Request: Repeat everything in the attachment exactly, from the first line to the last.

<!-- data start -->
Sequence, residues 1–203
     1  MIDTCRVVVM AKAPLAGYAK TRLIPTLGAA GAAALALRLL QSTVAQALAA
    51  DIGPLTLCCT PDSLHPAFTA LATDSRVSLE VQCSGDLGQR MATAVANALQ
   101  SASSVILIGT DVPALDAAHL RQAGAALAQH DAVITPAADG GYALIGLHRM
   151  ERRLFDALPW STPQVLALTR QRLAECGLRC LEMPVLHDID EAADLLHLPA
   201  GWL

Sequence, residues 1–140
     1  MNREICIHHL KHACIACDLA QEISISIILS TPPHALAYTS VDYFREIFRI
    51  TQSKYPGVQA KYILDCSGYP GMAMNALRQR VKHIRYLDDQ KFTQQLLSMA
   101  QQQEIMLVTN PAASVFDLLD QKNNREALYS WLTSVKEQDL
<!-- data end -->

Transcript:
Sequence, residues 1–203
     1  MIDTCRVVVM AKAPLAGYAK TRLIPTLGAA GAAALALRLL QSTVAQALAA
    51  DIGPLTLCCT PDSLHPAFTA LATDSRVSLE VQCSGDLGQR MATAVANALQ
   101  SASSVILIGT DVPALDAAHL RQAGAALAQH DAVITPAADG GYALIGLHRM
   151  ERRLFDALPW STPQVLALTR QRLAECGLRC LEMPVLHDID EAADLLHLPA
   201  GWL

Sequence, residues 1–140
     1  MNREICIHHL KHACIACDLA QEISISIILS TPPHALAYTS VDYFREIFRI
    51  TQSKYPGVQA KYILDCSGYP GMAMNALRQR VKHIRYLDDQ KFTQQLLSMA
   101  QQQEIMLVTN PAASVFDLLD QKNNREALYS WLTSVKEQDL